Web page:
Will 3D printing replace traditional manufacturing?


The reduction in production time noticeably reduces development and production costs. But additive manufacturing has even more potential for reducing costs. In order to manufacture workpieces, neither tools (e.g. for injection molding) nor programs (e.g. for CNC) need to be created; the CAD file alone is (mostly) sufficient. Tools can also be 3D printed directly.

Additive manufacturing is currently, only under certain circumstances, an option for mass production. As a rule, 'series production' in additive manufacturing includes batch sizes of 100 - 2,000 pieces, rarely more. (Small) series production in 3D printing usually means laser sintering, HP Multi Jet Fusion or, more rarely, FDM. In our article Laser sintering vs. injection molding, we have summarized some practical examples that may make it easier for you to make the right decision.

With regard to the procedures, however, there are very large differences. Whereas an FDM print in PLA is often available for a few euros, the costs for a 3D print in titanium are often 30-50 times as high for the same model. In the plastics sector, FDM is often the cheapest process, followed by HP Jet Fusion, laser sintering and stereolithography (more on the comparison in our article Laser sintering vs. stereolithography). Due to the high material costs and long printing times (layer heights around 15 µm), Polyjet is usually the most cost-intensive plastic 3D printing process.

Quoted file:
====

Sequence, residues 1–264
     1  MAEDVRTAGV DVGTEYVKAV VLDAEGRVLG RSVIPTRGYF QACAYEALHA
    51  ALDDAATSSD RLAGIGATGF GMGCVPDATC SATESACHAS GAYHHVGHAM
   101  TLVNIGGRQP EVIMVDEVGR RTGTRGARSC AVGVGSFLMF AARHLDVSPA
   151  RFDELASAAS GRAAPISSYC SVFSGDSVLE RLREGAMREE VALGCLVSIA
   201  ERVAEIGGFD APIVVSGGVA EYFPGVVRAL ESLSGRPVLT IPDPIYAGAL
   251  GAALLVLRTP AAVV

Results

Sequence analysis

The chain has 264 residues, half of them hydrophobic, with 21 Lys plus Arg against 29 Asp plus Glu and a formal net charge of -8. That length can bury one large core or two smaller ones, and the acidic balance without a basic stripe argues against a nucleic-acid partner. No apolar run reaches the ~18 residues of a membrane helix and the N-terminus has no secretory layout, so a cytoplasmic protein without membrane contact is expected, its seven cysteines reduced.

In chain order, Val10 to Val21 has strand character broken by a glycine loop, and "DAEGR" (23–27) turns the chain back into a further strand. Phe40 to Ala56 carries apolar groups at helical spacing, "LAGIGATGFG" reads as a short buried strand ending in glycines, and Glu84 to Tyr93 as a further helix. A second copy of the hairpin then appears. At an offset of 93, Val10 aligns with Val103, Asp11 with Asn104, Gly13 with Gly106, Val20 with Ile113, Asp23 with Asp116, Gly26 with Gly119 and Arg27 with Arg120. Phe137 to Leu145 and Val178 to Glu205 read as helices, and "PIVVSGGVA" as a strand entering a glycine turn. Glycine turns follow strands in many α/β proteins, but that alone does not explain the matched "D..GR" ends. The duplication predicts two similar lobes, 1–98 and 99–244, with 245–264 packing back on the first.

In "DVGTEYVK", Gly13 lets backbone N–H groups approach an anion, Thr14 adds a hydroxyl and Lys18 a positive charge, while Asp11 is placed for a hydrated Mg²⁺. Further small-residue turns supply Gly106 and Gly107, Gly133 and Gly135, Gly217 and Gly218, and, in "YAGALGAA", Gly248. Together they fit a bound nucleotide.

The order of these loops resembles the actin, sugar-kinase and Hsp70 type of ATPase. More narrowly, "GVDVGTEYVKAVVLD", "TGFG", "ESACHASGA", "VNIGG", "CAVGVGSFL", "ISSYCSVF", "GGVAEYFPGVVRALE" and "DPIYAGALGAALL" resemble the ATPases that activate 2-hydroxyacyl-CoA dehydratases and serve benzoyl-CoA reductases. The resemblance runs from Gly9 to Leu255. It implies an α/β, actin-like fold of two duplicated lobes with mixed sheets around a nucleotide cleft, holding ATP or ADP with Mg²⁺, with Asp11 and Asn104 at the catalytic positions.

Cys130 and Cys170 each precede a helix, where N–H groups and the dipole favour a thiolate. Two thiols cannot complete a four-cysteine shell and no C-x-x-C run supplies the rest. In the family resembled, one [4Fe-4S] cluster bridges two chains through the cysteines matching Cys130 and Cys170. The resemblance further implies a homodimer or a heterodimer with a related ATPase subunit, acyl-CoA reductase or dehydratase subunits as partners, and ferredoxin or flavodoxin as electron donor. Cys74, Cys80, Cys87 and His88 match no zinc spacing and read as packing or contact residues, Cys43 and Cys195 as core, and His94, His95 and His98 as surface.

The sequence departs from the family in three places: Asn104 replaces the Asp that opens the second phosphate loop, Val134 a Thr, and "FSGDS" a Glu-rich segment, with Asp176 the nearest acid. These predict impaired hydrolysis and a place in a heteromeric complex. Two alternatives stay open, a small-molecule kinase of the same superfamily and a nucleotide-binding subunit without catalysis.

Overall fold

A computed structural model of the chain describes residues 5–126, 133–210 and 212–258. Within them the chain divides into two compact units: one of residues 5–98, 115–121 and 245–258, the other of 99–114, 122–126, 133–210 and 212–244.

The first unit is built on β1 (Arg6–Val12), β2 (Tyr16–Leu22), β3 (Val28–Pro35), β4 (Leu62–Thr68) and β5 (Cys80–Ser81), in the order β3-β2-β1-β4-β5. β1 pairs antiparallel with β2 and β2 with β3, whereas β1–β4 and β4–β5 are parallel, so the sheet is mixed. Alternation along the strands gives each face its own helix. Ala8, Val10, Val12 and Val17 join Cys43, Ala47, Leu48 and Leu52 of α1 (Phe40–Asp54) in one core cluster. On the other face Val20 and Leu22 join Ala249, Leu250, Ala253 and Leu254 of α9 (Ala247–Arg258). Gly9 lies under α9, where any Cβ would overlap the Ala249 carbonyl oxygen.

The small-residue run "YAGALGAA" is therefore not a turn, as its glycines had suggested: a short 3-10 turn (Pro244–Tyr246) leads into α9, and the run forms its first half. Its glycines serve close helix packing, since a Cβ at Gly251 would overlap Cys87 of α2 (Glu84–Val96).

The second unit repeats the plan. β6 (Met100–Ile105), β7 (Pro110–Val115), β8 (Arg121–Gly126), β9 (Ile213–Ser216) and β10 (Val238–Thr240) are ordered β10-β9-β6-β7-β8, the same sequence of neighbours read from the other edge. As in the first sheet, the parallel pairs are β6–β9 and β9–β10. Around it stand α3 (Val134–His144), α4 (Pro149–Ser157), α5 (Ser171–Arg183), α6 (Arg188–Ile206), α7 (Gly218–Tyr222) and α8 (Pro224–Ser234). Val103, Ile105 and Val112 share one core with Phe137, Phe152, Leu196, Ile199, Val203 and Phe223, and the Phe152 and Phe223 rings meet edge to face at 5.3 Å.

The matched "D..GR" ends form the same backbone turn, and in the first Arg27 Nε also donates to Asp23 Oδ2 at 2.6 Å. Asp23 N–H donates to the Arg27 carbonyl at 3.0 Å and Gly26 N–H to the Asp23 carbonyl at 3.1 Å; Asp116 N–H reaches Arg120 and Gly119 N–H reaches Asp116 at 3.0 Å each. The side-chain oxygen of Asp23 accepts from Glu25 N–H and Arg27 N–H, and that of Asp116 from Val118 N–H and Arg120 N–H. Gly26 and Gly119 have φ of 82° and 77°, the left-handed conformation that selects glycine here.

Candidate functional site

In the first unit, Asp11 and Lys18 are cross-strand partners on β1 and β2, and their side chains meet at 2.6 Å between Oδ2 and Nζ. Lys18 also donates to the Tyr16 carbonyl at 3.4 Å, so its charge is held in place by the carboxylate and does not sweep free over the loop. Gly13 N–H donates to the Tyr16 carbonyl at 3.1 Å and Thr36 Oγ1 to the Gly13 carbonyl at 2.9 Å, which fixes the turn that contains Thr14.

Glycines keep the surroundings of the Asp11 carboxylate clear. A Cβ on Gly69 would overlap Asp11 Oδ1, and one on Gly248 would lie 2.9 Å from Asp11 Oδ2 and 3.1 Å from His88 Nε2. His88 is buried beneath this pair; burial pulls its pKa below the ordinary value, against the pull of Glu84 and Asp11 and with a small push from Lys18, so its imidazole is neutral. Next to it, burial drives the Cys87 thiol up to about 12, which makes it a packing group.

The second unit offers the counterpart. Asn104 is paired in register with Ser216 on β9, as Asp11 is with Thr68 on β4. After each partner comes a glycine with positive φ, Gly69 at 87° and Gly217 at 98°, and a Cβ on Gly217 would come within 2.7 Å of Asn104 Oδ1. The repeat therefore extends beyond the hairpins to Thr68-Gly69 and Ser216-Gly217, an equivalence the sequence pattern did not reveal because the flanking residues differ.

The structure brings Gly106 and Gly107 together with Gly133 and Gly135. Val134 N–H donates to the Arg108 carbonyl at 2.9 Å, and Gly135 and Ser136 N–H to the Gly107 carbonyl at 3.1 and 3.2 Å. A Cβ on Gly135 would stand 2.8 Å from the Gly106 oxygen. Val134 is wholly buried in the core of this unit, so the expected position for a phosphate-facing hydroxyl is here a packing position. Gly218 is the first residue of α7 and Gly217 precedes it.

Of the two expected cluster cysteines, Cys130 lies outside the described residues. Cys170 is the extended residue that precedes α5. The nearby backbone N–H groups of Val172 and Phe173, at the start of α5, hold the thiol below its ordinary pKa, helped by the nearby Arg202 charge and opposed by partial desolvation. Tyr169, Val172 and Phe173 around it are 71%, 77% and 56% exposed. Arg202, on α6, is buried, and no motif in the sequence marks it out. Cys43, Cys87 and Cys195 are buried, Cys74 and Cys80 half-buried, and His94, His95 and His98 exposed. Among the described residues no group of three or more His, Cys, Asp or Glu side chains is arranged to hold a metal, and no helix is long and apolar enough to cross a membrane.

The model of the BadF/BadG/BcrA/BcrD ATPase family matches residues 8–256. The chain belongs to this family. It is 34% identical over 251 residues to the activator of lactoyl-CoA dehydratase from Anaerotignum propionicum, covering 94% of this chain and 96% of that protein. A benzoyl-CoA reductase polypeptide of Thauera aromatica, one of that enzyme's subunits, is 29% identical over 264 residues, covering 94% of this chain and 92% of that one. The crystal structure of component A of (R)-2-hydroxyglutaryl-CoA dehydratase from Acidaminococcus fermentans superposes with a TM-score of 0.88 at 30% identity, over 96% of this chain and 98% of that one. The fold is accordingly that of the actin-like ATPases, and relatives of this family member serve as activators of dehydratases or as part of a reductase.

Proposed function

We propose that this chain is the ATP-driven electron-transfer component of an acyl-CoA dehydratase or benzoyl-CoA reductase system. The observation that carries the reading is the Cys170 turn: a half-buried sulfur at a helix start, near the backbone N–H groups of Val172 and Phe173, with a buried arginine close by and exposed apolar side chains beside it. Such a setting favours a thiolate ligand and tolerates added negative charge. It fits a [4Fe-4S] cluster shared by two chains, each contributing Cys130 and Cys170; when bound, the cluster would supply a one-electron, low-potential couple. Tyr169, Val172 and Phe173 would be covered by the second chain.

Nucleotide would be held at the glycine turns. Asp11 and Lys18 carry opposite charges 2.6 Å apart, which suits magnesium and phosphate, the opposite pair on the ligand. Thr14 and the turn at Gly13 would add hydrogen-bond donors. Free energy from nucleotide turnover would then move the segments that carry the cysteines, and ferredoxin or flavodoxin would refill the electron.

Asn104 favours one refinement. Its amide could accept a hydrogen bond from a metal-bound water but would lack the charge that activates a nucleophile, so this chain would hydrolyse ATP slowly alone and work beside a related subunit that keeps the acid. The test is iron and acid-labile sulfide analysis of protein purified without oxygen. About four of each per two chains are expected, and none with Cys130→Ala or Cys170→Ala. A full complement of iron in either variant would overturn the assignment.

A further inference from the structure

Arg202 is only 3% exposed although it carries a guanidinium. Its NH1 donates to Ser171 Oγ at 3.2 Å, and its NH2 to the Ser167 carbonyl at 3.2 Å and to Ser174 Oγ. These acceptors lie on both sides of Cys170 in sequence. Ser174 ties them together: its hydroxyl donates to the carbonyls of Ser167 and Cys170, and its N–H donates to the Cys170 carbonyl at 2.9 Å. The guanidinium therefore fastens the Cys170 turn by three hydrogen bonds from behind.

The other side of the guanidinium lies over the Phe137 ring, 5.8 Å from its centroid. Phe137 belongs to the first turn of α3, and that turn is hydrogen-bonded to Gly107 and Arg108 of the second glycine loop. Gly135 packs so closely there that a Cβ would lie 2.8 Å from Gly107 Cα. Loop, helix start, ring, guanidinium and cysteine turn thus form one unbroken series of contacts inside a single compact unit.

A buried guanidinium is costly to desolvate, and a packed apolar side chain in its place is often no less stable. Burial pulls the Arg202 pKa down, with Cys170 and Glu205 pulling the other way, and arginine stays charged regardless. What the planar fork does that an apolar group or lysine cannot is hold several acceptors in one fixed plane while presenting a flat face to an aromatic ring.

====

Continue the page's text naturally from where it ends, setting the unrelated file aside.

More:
Approx. 130 x 5.6 x 53 mm; Volume ~ 16 cm³

Up to approx. 1,200 pieces, 3D printing is cheaper.

Approx. 20 x 44 x 18 mm; Volume ~ 3 cm³

Up to approx. 3,000 pieces, 3D printing is cheaper.